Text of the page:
“Here, I use less sugar, 80g for five litres, as I add con­densed milk for en­hanc­ing the flavour.”

Hun­dred gram of con­densed milk has 54g of sugar.

Mo­hammed ar­gues that most karak lovers like to have more sugar in their cuppa. “Es­pe­cially taxi driv­ers. They love drink­ing very sweet tea that gives them more en­ergy.”

Some tea stall em­ploy­ees claimed that they use only sugar and add noth­ing else for sweet­ness in karak. But the quan­tity re­vealed by some left us stunned.

Like the cafe­te­ria in Al Quoz. The em­ployee there said they add one kilo sugar to 10litre wa­ter for brew­ing the karak tea with 300g of a spe­cial mix of tea pow­der. “Evap­o­rated milk is added sep­a­rately in the cup,” he said.

When you do the Math, you can see that there is 100gm of sugar added for one litre wa­ter.

There are out­lets that give you sweeter karak in bis­cuit cups too! The sugar coat­ing in­side the lin­ing of the bis­cuit cup makes the tea even sweeter.


High amount of sugar in karak tea is an alarm­ing con­cern which needs to be given a thought as the na­tion looks for­ward to cut­ting down con­sump­tion of sweet­ened bev­er­ages and drinks, said Janani Satchithan­an­tham, di­eti­tian, Aster Hospi­tal, Al Qu­sais.

“If a tea maker adds 100g sugar in one litre wa­ter, the end re­sult in one cup of tea an in­di­vid­ual would be con­sum­ing would be 20g sugar which is 4tsp,” she ex­plained.

This can go up de­pend­ing on how many serv­ings the in­di­vid­ual is con­sum­ing. “Con­sum­ing

these empty calo­ries can lead to un­in­tended weight gain and lead to other life­style con­cerns,” Satchithan­an­tham cau­tioned.

Sugar is con­sid­ered the sin­gle worst in­gre­di­ent in the mod­ern day diet. “It dam­ages the me­tab­o­lism in the long run. Eat­ing too much added sugar in daily rou­tine will lead to weight gain, obe­sity, type two di­a­betes and heart dis­eases.”

Amer­i­can Heart Associatio­n (AHA) rec­om­mends the max­i­mum amount of sugar you can eat in a day is not more than six to nine tea­spoons for an adult with nor­mal BMI. “Ide­ally in a cup of tea, half to one teaspoon of sugar can be taken,” Satchithan­an­tham ad­vised.

The nu­tri­tional value of a cup of karak tea is 122 kcal, with 8g sugar and 5g fat, said Satchithan­an­tham.

“The calo­rie count varies any­where be­tween 70 --133kcal de­pend­ing on what pro­por­tion of milk and sugar is added in the mak­ing of karak tea.”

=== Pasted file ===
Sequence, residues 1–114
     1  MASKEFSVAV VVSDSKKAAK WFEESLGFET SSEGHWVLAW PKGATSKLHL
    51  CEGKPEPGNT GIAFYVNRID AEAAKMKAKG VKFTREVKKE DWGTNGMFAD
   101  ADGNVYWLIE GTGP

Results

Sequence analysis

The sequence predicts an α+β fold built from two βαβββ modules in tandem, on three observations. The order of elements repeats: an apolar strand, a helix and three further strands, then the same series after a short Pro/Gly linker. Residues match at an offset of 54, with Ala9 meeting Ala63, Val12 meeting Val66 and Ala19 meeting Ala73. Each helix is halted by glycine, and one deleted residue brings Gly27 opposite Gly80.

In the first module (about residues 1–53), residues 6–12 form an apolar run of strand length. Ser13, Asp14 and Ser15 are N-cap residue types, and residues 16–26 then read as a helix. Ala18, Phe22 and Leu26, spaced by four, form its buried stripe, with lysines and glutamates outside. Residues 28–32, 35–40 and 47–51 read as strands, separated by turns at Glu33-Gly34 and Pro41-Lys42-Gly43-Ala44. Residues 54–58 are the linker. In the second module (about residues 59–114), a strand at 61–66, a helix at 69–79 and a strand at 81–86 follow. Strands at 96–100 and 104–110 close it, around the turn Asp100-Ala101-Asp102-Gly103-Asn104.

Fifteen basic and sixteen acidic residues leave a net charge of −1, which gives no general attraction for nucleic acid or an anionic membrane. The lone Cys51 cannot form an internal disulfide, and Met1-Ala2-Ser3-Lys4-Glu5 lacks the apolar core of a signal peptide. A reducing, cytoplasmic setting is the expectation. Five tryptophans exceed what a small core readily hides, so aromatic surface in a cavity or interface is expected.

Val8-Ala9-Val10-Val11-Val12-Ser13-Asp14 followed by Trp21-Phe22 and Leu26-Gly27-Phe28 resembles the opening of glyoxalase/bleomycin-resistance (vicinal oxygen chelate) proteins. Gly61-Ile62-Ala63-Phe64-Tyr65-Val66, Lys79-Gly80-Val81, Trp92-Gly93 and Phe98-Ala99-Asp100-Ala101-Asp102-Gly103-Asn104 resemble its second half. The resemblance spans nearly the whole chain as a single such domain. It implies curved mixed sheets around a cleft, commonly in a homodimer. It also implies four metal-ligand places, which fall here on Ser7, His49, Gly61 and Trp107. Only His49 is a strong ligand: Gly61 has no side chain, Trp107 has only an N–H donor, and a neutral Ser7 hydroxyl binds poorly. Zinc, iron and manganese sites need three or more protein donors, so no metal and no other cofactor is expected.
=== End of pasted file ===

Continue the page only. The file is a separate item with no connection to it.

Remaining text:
If the sugar con­tent per one cup of tea is two tea­spoons of gran­u­lated sugar, it amounts to 32kcal, she said.

“If the num­ber of serv­ings is on the higher side, the over­all calo­rie from the sugar also increases. Re­mem­ber, it is empty calo­ries as it does not add any nu­tri­tional value.”


“Ex­tra ad­di­tives like glu­cose bis­cuit will make it [karak tea] more calo­rie-dense than nu­tri­ent-dense. Tea is a re­fresh­ing bev­er­age and hav­ing such calo­rie-dense bev­er­age is go­ing to be fill­ing and you would tend to skip the ac­tual meal,” she cau­tioned.

If you are con­cerned about the calo­ries go­ing in, then karak tea with high sugar con­tent or with con­densed milk will ab­so­lutely do no jus­tice to your to­tal in­take of calo­ries, she ex­plained. How­ever, con­sid­er­ing the nu­tri­tional ben­e­fits with not much added sugar, she said karak tea im­proves the di­ges­tive process as it con­tains car­damom and cin­na­mon.


But, will the karak lovers give up their favourite cup be­cause of high sugar? Not likely, vouch Pakistani col­leagues and karak lovers Im­tiaz Hus­sain, Ashfaq Nawaz and Mitha Khan.

They work in the Fruits and Veg­eta­bles Mar­ket in Al Aweer and walk for a cou­ple of kilo­me­tres to a stall in Ras Al Khor just to have their favourite Dh1 karak in the evenings.

“They have the per­fect mix. I don’t think it is too sweet. We feel re­freshed af­ter drink­ing this karak. That is why we come here to have their karak tea. It gives us en­ergy and enthusiasm,” said Nawaz.

In­dian ex­pat Sangeetha. S, an­other karak lover, said she opts for karak “with­out sugar” and adds brown sugar. But most of the karak tea out­lets do not sell the ‘with­out sugar’ ver­sion. And re­duc­ing the sugar might turn away cus­tomers, feared Is­mail, the op­er­a­tions man­ager at a restau­rant chain.

Cus­tomers en­joy karak tea at a cafe in Ras Al Khor, Dubai. The heav­ily-sug­ared milk in­fu­sion has re­mained out of the radar of the 50 per cent ex­cise tax on sug­ary prod­ucts.

An­tonin Kelian Kal­louche/Gulf News